A new era in Federal Reserve communication dawned Thursday when a senior U.S. central banker took off his gloves and slammed a former official on twitter.
At issue was an op-ed in The Wall Street Journal on Thursday written by former Fed governor Kevin Warsh.
Warsh wrote that the conduct of U.S. monetary policy “has been deeply flawed” and warned against the central bank raising the 2% inflation target to a higher target of 3% or 4%, as has been suggested by San Francisco Fed President John Williams among others. “Its models are unreliable, its policies erratic and its guidance confusing,” read the headline.
Typically, Fed officials have turned the other cheek to criticism.
Even Thursday morning when asked about the op-ed, Dallas Fed President Rob Kaplan said he “thinks highly” of Warsh and then ducked the question by calling for better fiscal and regulatory policy out of Washington.
Also read: Fed’s new Facebook ‘friends’ slam central bank for ‘monetary enslavement and currency destruction’
But Minneapolis Fed President Neil Kashkari, who is more engaged on social media than other colleagues, didn’t back down.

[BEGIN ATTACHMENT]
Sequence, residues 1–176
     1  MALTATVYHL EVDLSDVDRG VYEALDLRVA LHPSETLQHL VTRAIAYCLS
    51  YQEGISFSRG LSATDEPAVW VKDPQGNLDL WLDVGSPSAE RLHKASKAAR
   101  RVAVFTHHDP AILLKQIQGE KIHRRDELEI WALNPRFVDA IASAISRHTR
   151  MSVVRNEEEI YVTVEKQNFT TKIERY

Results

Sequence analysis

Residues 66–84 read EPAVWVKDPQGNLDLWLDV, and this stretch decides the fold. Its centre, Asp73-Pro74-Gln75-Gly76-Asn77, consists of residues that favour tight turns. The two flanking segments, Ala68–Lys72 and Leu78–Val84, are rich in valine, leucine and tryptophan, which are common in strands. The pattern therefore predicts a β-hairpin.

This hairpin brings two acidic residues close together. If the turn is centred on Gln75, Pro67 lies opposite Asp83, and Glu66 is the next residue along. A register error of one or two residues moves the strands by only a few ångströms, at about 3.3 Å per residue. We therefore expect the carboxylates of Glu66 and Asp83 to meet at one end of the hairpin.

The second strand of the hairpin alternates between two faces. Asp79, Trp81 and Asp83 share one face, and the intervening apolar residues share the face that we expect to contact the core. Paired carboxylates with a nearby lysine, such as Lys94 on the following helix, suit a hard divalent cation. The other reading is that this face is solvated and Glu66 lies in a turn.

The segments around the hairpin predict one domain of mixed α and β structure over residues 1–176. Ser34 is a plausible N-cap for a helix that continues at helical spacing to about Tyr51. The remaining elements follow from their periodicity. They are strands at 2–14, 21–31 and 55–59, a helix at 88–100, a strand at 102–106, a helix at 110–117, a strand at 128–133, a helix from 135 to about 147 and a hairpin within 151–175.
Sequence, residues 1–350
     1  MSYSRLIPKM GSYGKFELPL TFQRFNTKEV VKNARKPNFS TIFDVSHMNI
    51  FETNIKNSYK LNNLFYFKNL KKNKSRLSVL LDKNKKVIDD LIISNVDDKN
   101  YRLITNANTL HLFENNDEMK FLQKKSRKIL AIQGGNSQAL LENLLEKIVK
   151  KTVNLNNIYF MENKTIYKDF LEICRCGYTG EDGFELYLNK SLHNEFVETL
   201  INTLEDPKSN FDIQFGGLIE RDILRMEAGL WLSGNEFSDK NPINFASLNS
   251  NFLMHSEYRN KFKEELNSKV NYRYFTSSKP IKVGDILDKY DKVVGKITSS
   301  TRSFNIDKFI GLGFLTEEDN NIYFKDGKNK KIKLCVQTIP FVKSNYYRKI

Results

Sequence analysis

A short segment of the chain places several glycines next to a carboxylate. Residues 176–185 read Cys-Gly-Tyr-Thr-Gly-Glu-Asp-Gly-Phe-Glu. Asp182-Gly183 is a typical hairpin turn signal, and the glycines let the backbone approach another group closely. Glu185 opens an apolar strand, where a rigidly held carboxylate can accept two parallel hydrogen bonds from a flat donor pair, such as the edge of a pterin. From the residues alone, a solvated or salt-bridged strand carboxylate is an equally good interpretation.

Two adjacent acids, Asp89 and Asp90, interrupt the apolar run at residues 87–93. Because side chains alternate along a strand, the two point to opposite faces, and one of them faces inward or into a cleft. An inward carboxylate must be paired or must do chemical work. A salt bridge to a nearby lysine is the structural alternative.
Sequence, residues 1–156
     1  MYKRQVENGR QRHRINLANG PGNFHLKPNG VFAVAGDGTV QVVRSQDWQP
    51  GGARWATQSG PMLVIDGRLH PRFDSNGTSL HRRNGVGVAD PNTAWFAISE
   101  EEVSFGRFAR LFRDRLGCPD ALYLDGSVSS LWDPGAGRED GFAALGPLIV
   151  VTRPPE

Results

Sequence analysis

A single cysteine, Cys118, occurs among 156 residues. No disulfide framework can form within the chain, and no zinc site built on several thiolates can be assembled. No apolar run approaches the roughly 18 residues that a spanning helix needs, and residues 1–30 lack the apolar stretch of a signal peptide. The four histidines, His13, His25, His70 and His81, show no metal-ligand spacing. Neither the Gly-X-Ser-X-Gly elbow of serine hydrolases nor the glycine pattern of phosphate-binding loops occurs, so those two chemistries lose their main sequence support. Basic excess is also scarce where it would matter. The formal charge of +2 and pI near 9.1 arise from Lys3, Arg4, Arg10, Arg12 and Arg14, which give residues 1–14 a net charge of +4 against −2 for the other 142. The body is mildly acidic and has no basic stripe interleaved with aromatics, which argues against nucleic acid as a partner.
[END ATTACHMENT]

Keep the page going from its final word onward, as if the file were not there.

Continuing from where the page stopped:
In a post on Twitter, Kashkari noted that Warsh had voted for the Fed’s three quantitative easing programs.
“Kevin, confusing and erratic is voting for QE and then criticizing it,” Kashkari wrote.
Kevin, confusing and erratic is voting for QE and then criticizing it. “Fed Needs New Thinking” https://t.co/S3pMMB3wVW
— Neel Kashkari (@neelkashkari) August 25, 2016
Kashkari’s tweet was mainly panned on twitter.
@neelkashkari If one sees their earlier decision as flawed, that’s not confusing and erratic. It’s intellectually honest and courageous.
— ValueTrap (@Valuetrap13) August 25, 2016
@neelkashkari Confusing is hiking, pausing, talking hikes and cuts, all while carrying a $4+T balance sheet into a 1% first half GDP Eco
— DMW (@dmwlsw) August 25, 2016